Lifting restrictions has led to soaring employer confidence in hiring, yet bosses are struggling to find candidates.

Between April and June, confidence levels in relation to hiring were at an unprecedented net level of +33.

The Recruitment & Employment Confederation (REC)’s JobsOutlook survey also recorded business confidence at a net +17, the second rolling quarter in a row where the barometer had been in positive territory.

Not only this, but employers expect their confidence to continue to grow, with just under half (48 percent) expecting confidence in investment decisions to get better.

Alongside this, half (48 percent) also agree that the economic landscape is getting better, as the country emerges from lockdown restrictions.

Despite this optimism, employers are still struggling to find suitable candidates.

The survey found that in June, almost a third (33 percent) of employers struggled to hire staff on the grounds that workers are reluctant to change jobs, and over a quarter attributed it to their inability to offer a competitive salary.

Kate Shoesmith, Deputy CEO of the REC, said:

A number of factors including the ‘pingdemic’ are causing serious staff shortages now. Many hirers are seeing workers feel understandably more cautious about changing jobs after such an unpredictable 18 months.

Businesses will have to think hard about their offer if they want to attract staff, not just in terms of pay but also in benefits, working conditions and work-life balance.

The new UK immigration rules have also had an effect on employers accessing skilled EU national workers.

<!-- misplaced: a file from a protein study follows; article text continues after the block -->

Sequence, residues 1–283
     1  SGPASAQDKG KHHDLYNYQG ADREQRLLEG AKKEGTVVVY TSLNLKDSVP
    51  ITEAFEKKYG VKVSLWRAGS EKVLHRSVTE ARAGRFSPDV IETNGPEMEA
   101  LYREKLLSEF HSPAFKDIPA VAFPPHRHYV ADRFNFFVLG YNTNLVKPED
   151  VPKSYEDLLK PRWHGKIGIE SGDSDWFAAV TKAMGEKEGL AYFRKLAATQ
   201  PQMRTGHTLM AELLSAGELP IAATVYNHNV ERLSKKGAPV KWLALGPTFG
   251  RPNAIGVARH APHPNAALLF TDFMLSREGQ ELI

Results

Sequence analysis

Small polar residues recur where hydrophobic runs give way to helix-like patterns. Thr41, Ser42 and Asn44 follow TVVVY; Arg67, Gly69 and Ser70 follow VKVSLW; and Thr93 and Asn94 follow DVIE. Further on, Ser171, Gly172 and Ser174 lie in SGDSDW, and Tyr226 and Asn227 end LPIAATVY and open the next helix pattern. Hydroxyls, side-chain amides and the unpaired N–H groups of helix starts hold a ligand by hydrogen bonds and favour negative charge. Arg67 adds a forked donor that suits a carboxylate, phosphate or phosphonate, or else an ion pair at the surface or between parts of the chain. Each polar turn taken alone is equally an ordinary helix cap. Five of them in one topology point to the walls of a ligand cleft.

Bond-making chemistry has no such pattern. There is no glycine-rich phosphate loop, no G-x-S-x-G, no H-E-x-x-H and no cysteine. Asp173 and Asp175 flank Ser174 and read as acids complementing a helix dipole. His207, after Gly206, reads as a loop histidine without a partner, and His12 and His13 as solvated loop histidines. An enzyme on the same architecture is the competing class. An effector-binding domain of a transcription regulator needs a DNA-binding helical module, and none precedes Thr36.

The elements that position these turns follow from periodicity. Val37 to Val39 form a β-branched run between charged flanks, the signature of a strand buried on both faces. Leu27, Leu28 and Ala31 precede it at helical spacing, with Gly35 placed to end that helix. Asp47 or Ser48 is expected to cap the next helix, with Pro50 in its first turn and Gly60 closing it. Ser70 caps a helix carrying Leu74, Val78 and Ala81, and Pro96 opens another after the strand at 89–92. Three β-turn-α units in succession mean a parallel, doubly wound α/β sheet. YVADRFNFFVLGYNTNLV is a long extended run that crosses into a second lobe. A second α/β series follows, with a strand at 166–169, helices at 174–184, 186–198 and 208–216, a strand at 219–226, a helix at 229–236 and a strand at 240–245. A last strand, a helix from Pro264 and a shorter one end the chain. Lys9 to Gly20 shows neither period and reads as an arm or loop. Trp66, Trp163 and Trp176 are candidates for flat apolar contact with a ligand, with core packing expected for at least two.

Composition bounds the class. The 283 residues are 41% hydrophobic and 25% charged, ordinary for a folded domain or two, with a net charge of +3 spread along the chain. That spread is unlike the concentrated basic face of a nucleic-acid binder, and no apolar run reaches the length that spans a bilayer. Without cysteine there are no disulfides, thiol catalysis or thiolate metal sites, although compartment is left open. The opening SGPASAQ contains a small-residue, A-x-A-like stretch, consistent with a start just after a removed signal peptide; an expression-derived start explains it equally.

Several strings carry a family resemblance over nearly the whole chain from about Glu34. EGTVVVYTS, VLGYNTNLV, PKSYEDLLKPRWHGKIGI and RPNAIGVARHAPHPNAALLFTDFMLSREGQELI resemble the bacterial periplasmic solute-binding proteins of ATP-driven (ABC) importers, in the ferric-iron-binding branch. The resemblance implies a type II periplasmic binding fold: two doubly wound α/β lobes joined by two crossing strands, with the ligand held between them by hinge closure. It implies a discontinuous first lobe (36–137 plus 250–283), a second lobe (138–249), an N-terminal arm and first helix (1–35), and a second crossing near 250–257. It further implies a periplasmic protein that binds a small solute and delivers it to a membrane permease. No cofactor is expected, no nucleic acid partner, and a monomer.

This has had the biggest impact on businesses in London (25 percent) and the Midlands (20 percent).

In spite of this shortage, businesses are set to bring in more temporary staff to mitigate the uncertainty created by the pandemic.

Between April and June, hiring intentions for temporary agency workers in the short term increased by four percentage points to net: 28+.

Speaking about how the pandemic has affected employers and workers, Kate Shoesmith commented:

We have the opportunity to shift perceptions around flexible working once and for all and make it a positive option. Government and employers urgently need to join forces to create a skills system that delivers the staff the country needs.

*In order to obtain this data, Savanta ComRes interviewed 600 UK employers involved in hiring by telephone between 1 April and 30 June 2021.





Megan McElroy is a second year English Literature student at the University of Warwick. As Editorial Intern for HRreview, her interests include employment law and public policy. In relation to her degree, her favourite areas of study include Small Press Publishing and political poetry.